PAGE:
The private school where I teach followed CDC guidelines to the letter. Let this be a cautionary tale. I just spent three weeks teaching in a school with kids in the classroom. Back in February, that would have been one of the most unremarkable statements a teacher could possibly make.
But within just a couple of months, the idea of students filling classrooms went from being commonplace to almost impossible to believe.
My school conducted a very carefully controlled experiment in the month of May. Under strict Covid-19 guidelines set by the Centers for Disease Control and Prevention, we reopened our school and held classes on campus with live, in-person instruction. We believe we were the only school in our state in the Intermountain West to do so, and one of only a handful of schools in the country.
Depending on where you land on this whole Covid-19 mess — whether you think it’s seriously overblown, or that it’s far more serious than we’ve acknowledged — you likely have preconceived notions of what back-to-school season may look like. I know, because I did. Almost nothing I expected turned out to be true.
I teach history at a private school, which means our staff has complete control over what we do in the classroom. We control exactly whom we allow onto campus. We are not bound by the procedural regulations that govern public schools, or even charter schools. Therefore before we reopened classrooms in May, we were able to select precisely which students and teachers would participate in the experiment. We had both high school and middle school populations, so we crafted the rules with that in mind. Here are the associated parameters as they were proposed to our students and parents before the experiment began:
Every student would be thoroughly vetted for risk factors. None of them would have any health difficulties of any kind. None of their families would have anyone in the home in a high-risk population. None of their close circle would have infection or any symptoms of any other disease. Their risk of forward transmission to susceptible populations would be as close to zero as we could possibly make it.
The students would wear masks at all times. The teachers would be masked in all situations except those in which they were teaching. Because of the nature of teaching and the need to project vocally, no students would be placed in front of the teachers to a distance of 12 feet.
Desks would be spaced to six feet apart, or, where that was not possible, they would be left empty until a minimum of six feet separated every student in every direction. Students would not move from classrooms. They would go in, stay there, and leave for the day. Teachers would rotate classrooms.
An area would be disinfected every time any population changed locations. The classrooms would be disinfected every night. The kids would use hand sanitizer on the way into and out of every classroom, every time. The teachers would also observe this protocol.
I had some misgivings about the process. I’ve been an online teacher for more than 10 years. I’m aware of the strengths and weaknesses of the medium, in all its shades and varieties (I’ve used just about every platform out there). I’ve been in the classroom for five years, in all sorts of situations, from formal (desks bolted down and kids in ranks) to supremely casual (beanbag chairs and kids piled in like cordwood munching chips). My teaching style is energetic and a bit wild, and though I’m adaptable, I was curious as to how that style would play in the environment detailed above.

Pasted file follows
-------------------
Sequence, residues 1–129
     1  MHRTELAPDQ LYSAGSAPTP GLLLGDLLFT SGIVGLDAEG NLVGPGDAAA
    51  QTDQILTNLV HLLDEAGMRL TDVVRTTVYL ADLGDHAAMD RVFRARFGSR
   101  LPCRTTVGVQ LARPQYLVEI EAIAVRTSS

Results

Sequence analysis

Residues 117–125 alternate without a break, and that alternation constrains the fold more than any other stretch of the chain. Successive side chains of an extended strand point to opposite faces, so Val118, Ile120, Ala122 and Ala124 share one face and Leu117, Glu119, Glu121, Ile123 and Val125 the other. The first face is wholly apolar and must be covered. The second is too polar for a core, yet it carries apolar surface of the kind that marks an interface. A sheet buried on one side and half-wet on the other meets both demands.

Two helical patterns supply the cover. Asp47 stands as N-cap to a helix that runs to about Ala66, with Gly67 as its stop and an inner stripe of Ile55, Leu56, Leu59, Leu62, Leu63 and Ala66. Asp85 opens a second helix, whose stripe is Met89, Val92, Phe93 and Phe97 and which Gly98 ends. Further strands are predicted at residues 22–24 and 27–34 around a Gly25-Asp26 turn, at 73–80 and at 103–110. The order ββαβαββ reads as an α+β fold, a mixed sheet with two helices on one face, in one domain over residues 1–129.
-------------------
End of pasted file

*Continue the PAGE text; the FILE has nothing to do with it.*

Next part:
It didn’t work.
Oh, it worked in the sense that kids came to school, sat at desks, and teachers stood before them and unveiled some of the mysteries of the universe. But at least in my classroom, the students hardly learned anything of importance. Some of that was unquestionably due to the fact that these classes took place in May. I didn’t learn a thimbleful in May during the 20 years I was in school; few students are able to fully focus in the weeks leading up to summer break. But more importantly, in my classroom this late spring, we weren’t connecting as teacher and students.
As I see it, there are two options: open schools back up and forget about regulations, or don’t open them at all.
Masks, until May, were banned in schools. There are good reasons for that. Masks give no feedback. Masks depersonalize. Masks hide — not only bad things, but good things. The students sat, obediently. They took notes, obediently. They watched me come in, and watched me go out. They even “learned” something — as in, retained some information long enough to regurgitate it on a test. But that’s not education. I’m certain none of them were changed for the better by being in class those three weeks, and the change is what we’re after, in my classroom.
I’m a relatively funny guy when I teach (I briefly studied the art of standup comedy, which has its uses, even if you don’t get into it professionally). I’m energetic and enthused about my material. It’s infectious in any sort of group, but especially for young people. Most of them have never seen a teacher get deeply emotional about Joan of Arc — but I do. Most of them have never had a teacher extoll the virtues of the unsung miracle of our age — the cardboard tube that allows toilet paper to come in rolls. I’m used to getting reactions from my classes. The students laugh. They smile. They comment and get angry and it’s…well, it’s learning.
Almost none of that happened in my classroom during the restart. Most people, unless they’re smiling broadly, don’t use their eyes much. And from 20 feet away, they better be smiling awfully broadly for you to be able to see it. With standup, one of the ways a comedian knows a bit is working is they get the light laugh, then the big laugh, and then explosion. I apply many of these tactics to my teaching. But when you can’t see the low-level reactions from students, it’s very, very hard to get to the bigger ones. It’s hard to drive to the conclusion that actually changes the student without seeing any of the feedback.